Tessi, my picky water drinker, pulled me over to one of the more placid sections so she could lap up the fresh, glacial offering. The rocks lining the shore were a perfect size for sitting, so I chose one to relax on, though picnic tables and benches are staggered alongside the river.

In the meantime, more and more visitors were showing up. Quite a few were accompanied by dogs. With the possibility of bears and Tessi’s tendency to chase, in general, I kept her leashed. The signs request it and I heeded them—with no hesitation. All the other dogs were leashed, too.

We probably spent a couple of hours there, wandering back and forth within the immediate area. I put my cameras through a rigorous workout. I had no interest in walking the trails leading away from the river; I was there to enjoy it, not bear-inhabited forests.

I was delaying my final moment in this heaven and my return to the city, as it’d be my last day to delight in such gorgeous nature. I reveled in the air so fresh and sky such an amazingly intense blue. Standing closer to the trees, my nose detected the scent of cedars, accented with a sweet smell similar to the one I’ve encountered in Iroquois Falls in Ontario.

Taking the Plunge

At one point, I spotted a kayaker weaving his way amongst the rapids. Was he actually going to plummet down the chute?

Just short of doing so, he managed to pull up to shore and disappeared behind some rocks. He reappeared, camera in hand, having climbed up on an adjacent ledge, which protrudes enough over the water to give him a vantage point for photographing his comrades, who were now headed downstream.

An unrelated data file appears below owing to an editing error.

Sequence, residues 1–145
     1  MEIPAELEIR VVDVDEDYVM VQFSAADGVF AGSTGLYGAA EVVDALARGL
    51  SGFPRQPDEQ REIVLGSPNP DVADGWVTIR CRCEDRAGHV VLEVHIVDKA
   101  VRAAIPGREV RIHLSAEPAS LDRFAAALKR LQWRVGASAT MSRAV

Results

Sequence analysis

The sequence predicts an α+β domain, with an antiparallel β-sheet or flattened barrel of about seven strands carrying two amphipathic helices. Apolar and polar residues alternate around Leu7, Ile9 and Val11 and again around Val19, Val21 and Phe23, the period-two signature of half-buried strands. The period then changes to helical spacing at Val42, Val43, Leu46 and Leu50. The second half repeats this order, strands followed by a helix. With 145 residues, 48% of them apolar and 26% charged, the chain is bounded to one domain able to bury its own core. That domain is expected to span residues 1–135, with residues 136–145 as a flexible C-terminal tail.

Meanwhile, I rushed back up the steps to find my own vantage point for my chance of pictures. I’m rusty with taking action shots; yet, I was excited to rediscover my once favourite type of photography. A small group of us crowded the narrow path and tiny lookouts overlooking the falls.

Catching Up

After snapping assorted pictures of the daredevils while chatting with a family, who had just relocated from Montana, and meeting their two Bernese mountain dogs, named Tessie—easy to remember—and Wyatt, my Tessi and I returned to the car—now in the company of many others of its kind. I ate a sandwich from the cooler in my trunk, while enjoying the surrounding tree-covered hills and the upper edge of a rocky mountain revealed in a dip in the distance.

I couldn’t convince myself to leave yet. I grabbed my journal and we headed back to a picnic table. While I caught up on my writings, Tessi spotted a squirrel scampering up a tree behind us. Her leash, which I had extended out for her so she could maneuver around a little, allowed her to run and sit under the squirrel’s sanctuary in wait.

Two little blue butterflies fluttered around me as I kept stopping in my writing to absorb as much of my surroundings as possible.

Finally, I pushed myself to go. I had soaked up what I could of nature’s offerings. My senses were full. As I drove away, I watched through my rearview mirror, the snow-capped mountain painting on the horizon eventually appear and disappear and grow smaller.

For More Info

A week later, while driving our final leg home in Ontario, I heard on the radio about the devastating flood covering parts of that region of Alberta, including Elbow Falls. I couldn’t wrap my head around the fact that the vibrant ice blue river we had just visited had turned into a brown, broiling mess—obliterating anything along its path. The picnic table I had sat at was gone. The water level was so high a waterfall barely existed.

This piece is dedicated to those who suffered in that flood.

 (c) Cheryl Smyth, 2014

Check out my TC Dog Travels Facebook page for more pictures of our visit.